Are you a maniac ?
I have heard many runners say that running is their religion. I agree. It is our calling. It is our happy thought of the day. It is what we most look forward to each day and each moment.
Every morning some people answer the call of the Adhan, some answer the call of the Church bells and some that of the Barechu.
I too answer the call each morning. It is a voice which calls me to run .
Running is my religion and I love my religion. And sometimes I wonder if I've become a religious fanatic.
I looked up the meaning of the word fanatic.
a person filled with excessive and single-minded zeal, especially for an extreme religious or political cause.
So I wonder, "Am i maniac ? ".
The answer does seem a bit discouraging.
It is said that Religious zealots don't know when to back off.
I agree but only partly.
It's not that they don't know when to back off. It so happens that they can't help themselves even when they know that they need to back off.
I started training for the Delhi Half marathon earlier this month. I hope that a strong performance there will help me with a strong run in the Mumbai Marathon which will subsequently be my launch pad to start training for Comrades.
I've been training very hard. The 4 weeks took a toll and I needed to back off training today. I needed either a complete rest day or an easy run.
But I decided to keep to the schedule and do my 1000x7 repeats.
The first 3 reps went reasonably well but at 400 meters into the 4th repeat, I felt heaviness creep into my legs and upper body.
I soldiered on and finished the repeat. The 5th repeat felt much harder, the 6th more so and the 7th excruciatingly so.
Every moment after the 4th repeat, I felt that I should quit. I knew that I should call it a day. I knew I needed to rest. I knew it wasn't a great idea to push. I knew that I could burn myself by pushing. I knew that I could jeopardise my training in the days to come. I knew it was ok to cut short the repeats and go home and take a nap but YET, I soldiered on.
Theoretically I just know that one must not push speed when one isn't 100% fit.
I know that It is ok to take a day off. And yet when it came to application of that theory, I came up short.
Sometimes I feel that my salvation lies only in completing my training as planned. It is as if, I'm a true believer if and only if, I finish my training as planned.
The holy land lies beyond the closed gates and the only way to enter them is to be baptised with fire. It seems it is very hard to back off from running.
I think a non-runner or a non fanatic will not understand this urge to run.
One needs to be a maniac to truly understand this.
This desire to reach "the shining city on the hill" has come down through the ages.
The Towers of Trebizond is a book about a group of people, "travelling from Istanbul to legendary Trebizond on a convoluted mission to spread the work of Christianity".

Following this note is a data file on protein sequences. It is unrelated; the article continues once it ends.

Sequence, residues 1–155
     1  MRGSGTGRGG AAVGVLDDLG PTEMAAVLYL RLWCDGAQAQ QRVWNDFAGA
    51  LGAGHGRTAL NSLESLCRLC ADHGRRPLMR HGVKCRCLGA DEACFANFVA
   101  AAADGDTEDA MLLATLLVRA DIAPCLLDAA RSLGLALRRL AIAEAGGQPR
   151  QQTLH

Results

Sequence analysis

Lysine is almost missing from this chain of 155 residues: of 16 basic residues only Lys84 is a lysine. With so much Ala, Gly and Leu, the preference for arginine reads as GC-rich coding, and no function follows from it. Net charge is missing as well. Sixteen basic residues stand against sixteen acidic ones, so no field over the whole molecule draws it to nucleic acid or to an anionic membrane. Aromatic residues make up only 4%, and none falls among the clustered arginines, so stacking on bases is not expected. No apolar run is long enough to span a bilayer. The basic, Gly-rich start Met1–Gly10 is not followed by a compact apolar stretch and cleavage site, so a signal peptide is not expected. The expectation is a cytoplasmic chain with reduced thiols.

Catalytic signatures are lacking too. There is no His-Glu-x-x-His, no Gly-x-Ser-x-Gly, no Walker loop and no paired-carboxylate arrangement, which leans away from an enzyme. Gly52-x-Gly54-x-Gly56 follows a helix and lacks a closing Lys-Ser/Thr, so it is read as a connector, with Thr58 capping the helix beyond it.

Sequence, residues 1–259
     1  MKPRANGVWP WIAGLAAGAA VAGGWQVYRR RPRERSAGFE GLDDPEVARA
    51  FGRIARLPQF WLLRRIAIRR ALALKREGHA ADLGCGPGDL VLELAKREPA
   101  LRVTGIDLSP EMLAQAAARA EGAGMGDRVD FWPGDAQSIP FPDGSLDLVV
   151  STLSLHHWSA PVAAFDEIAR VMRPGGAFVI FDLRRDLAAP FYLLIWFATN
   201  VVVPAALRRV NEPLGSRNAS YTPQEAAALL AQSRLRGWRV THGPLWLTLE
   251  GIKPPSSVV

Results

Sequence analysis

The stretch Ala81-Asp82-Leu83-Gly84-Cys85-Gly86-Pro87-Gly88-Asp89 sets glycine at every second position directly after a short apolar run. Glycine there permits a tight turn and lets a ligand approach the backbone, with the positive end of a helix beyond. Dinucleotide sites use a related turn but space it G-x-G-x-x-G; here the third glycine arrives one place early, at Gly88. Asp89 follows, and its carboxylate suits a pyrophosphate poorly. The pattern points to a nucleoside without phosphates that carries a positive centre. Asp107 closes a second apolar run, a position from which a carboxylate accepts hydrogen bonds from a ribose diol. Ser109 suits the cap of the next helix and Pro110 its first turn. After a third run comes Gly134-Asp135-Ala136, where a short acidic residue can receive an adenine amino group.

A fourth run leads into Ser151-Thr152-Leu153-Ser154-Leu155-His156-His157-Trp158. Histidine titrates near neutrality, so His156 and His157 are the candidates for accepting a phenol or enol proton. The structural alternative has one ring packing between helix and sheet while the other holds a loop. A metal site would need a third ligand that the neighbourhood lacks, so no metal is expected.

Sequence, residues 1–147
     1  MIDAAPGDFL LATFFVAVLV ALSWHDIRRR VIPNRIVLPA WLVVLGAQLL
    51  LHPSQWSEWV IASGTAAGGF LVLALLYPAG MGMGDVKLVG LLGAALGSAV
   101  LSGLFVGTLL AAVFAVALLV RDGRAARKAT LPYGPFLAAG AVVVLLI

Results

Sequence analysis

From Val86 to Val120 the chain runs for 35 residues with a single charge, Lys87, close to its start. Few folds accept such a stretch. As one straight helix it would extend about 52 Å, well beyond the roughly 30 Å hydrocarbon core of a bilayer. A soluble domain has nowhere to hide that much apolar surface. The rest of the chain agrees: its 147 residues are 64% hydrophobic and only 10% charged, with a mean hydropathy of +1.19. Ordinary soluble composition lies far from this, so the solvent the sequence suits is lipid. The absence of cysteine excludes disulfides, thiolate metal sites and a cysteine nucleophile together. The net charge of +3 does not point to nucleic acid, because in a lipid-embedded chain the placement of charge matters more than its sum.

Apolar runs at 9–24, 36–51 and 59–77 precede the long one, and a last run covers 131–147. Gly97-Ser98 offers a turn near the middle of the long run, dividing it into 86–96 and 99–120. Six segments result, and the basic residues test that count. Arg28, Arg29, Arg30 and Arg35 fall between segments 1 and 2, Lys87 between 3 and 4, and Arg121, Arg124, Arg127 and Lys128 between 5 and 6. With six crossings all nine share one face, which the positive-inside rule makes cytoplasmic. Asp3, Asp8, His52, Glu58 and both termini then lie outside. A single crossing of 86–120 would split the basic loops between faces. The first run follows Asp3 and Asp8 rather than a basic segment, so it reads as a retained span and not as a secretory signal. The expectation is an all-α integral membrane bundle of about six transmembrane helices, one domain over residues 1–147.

It is also a "bracing meditation on the perils of love, doubt, faith, and spirituality in the modern world"
The first page of the book contains the "dialogues of mortality".
I felt that these dialogues completely explain our passion for running.
Running haunts us much in the way that the "shining city on the hill" has haunted generations.
Our unquenchable desire to keep running is much like that of these men wishing to reach their cherished city.
Running is our shining city on the hill. It haunts our every waking moment. It haunts our dreams. It haunts us now and it forever will. Running is the fire to which we are attracted to, much like the helpless moths.
Not many will understand our passion. "We are men seeking after the Gods. We are Gods seeking after men"
"The sheening of that strange bright city on the hill, barred by its high gates...Barred from all, Phrastes?"
"From all, Eroton, who do not desire to enter it more strongly than they desire all other cities."
"Then it is barred indeed, and most men must let it go."
"Those who have once desired it cannot let it go, for its light flickers always on the roads they tread, to plague them like marsh fires.
Even though they flee from it, it may drag them towards it as a magnet drags steel, and, though they may never enter its gates, its light will burn them as with fire, for that is its nature."
"Who then were the builders of this dangerous city?"
"Gods and men, Eroton; men seeking after gods, and gods who seek after men. Does it not appear to you that such a fabric, part artifact and part deifact, reared out of divine intimations and demands, and out of the mortal longings and imaginings that climb to meet these, must perpetually haunt the minds of men, wielding over them a strange wild power, intermittent indeed, but without end? So, anyhow, it has always proved."
I read this passage and I know that it gives voice to my passion for running.
Yes I'm a maniac.
Question is. Are you ?